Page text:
Have you ever wondered what it takes to capture those amazing wildlife photographs seen in Colorado Outdoors?
In this video, Colorado photographer Vic Schendel offers an intimate look into the world of professional wildlife photography. Schendel, a frequent contributor to Colorado Outdoors magazine, shares stories behind some of his favorite photographs, offers simple tips for shooting better images and explains the inspiration that drives his life’s work. Big-game hunters will appreciate Schendel’s exceptional images of elk, bighorn sheep, deer and moose.
Video and blog post by Jerry Neal. Neal is the senior video producer and information specialist for Colorado Parks and Wildlife.
As summer fades and temperatures cool, Colorado’s big-game seasons are about to heat up. And, if you plan to hunt this fall you have plenty of reasons to look forward to opening day. Wildlife biologists, in general, predict good hunting across most of the state.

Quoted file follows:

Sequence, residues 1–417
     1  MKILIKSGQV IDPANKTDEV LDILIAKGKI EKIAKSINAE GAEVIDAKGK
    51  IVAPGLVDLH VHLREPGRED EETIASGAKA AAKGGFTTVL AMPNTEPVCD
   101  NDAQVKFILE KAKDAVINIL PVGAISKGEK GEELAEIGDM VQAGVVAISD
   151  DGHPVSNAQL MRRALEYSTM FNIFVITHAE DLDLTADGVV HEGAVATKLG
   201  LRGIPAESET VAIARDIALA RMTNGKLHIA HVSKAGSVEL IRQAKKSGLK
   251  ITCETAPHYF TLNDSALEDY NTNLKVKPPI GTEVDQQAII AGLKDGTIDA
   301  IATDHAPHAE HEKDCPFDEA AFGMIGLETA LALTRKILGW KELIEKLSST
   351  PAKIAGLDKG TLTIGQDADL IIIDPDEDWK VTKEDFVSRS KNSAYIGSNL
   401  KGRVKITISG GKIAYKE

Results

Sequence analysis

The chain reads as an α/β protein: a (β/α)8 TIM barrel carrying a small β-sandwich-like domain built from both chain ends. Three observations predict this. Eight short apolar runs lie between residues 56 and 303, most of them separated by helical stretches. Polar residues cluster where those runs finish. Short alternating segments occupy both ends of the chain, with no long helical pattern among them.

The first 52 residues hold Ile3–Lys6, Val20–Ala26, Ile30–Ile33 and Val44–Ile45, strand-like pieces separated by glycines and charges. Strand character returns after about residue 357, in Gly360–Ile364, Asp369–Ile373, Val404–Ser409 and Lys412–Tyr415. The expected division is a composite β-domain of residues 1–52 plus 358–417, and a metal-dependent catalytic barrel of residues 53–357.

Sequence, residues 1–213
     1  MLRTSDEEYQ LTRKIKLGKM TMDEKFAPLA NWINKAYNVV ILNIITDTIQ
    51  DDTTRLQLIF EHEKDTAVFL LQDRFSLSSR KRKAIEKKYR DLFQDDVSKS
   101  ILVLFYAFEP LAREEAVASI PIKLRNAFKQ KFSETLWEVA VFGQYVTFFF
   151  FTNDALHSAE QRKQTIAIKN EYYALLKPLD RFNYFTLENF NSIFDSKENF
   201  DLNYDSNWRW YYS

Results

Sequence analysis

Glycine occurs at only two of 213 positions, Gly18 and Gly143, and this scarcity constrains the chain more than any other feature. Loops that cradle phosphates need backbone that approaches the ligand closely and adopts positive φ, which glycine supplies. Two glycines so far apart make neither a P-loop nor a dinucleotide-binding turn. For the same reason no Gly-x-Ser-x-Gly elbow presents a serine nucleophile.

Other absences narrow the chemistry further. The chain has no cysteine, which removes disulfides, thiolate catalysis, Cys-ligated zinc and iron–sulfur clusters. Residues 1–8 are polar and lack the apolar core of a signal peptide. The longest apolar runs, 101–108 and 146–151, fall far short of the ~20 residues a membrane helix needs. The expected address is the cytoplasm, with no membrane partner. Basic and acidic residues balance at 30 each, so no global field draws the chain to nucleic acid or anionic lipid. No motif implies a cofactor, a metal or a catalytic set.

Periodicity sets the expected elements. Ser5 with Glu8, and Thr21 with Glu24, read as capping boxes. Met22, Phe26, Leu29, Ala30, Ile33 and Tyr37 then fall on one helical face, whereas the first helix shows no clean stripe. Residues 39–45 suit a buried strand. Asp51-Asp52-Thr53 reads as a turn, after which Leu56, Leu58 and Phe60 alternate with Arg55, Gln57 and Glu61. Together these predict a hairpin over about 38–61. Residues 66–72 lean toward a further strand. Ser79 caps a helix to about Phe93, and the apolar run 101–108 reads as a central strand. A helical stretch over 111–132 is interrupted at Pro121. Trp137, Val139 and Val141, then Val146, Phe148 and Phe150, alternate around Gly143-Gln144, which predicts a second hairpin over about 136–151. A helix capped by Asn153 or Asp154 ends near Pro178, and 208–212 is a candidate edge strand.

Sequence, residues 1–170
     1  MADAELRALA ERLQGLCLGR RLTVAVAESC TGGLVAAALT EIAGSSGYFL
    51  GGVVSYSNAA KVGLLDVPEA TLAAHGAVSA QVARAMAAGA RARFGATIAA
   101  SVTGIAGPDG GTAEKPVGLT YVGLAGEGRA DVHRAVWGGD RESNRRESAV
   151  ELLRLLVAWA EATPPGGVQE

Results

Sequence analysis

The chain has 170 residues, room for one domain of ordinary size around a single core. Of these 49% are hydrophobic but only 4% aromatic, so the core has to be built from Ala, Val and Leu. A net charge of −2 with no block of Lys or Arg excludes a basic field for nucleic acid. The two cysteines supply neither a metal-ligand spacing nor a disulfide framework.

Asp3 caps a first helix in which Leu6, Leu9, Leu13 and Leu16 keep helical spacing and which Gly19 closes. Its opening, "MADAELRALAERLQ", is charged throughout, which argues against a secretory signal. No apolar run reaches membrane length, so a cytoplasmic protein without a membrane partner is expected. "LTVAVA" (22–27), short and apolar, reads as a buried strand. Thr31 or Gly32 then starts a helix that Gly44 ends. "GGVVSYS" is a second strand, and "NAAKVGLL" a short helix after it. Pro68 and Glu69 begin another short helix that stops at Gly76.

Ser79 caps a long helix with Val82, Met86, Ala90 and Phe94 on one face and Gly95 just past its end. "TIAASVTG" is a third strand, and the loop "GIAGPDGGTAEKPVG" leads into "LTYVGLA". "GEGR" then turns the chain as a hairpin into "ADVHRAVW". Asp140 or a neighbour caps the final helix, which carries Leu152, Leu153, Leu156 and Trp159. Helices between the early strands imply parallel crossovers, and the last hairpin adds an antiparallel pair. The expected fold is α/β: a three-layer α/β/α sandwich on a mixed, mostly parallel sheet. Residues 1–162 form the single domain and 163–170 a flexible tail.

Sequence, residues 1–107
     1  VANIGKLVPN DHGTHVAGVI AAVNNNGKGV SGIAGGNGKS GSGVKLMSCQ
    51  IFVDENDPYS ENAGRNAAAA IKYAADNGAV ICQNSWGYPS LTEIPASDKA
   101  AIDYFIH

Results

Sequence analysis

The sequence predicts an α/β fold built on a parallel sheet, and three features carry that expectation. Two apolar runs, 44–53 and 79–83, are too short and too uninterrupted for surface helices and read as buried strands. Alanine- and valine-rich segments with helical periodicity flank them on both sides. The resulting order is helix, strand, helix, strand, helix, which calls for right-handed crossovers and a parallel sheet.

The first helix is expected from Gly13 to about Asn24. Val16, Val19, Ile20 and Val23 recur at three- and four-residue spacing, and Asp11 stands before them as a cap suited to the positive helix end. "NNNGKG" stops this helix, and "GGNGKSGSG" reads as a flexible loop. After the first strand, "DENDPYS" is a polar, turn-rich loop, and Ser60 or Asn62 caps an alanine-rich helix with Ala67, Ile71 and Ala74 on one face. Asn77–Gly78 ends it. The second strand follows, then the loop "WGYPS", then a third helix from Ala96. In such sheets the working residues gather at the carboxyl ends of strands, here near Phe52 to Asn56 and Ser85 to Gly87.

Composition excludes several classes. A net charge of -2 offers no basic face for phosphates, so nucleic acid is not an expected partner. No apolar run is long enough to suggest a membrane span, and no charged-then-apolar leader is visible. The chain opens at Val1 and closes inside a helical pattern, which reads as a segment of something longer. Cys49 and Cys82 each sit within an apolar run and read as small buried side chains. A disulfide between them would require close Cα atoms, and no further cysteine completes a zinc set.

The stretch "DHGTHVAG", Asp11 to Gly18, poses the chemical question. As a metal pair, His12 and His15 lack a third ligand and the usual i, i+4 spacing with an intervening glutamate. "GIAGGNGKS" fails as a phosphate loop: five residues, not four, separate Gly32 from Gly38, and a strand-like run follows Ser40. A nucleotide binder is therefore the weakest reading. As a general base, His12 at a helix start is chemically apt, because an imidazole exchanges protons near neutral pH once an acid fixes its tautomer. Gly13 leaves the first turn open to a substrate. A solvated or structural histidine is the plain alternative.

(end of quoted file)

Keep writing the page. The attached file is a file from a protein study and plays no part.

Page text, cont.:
This video provides statewide and regional forecasts for the 2017 big-game seasons:
Blog post and video by Jerry Neal. Neal is a videographer and information specialist for Colorado Parks and Wildlife.
A lynx surveys its new home in the San Juan Mountains. Photo by CPW.
Colorado boasts one of the most diverse and abundant wildlife populations in North America. Home to an astonishing 960 wildlife species, it might be easy to assume that Colorado’s fish and wildlife have always flourished. However, many of the state’s most cherished and iconic species prosper today only because of Colorado Parks and Wildlife’s (CPW) species conservation and wildlife reintroduction programs.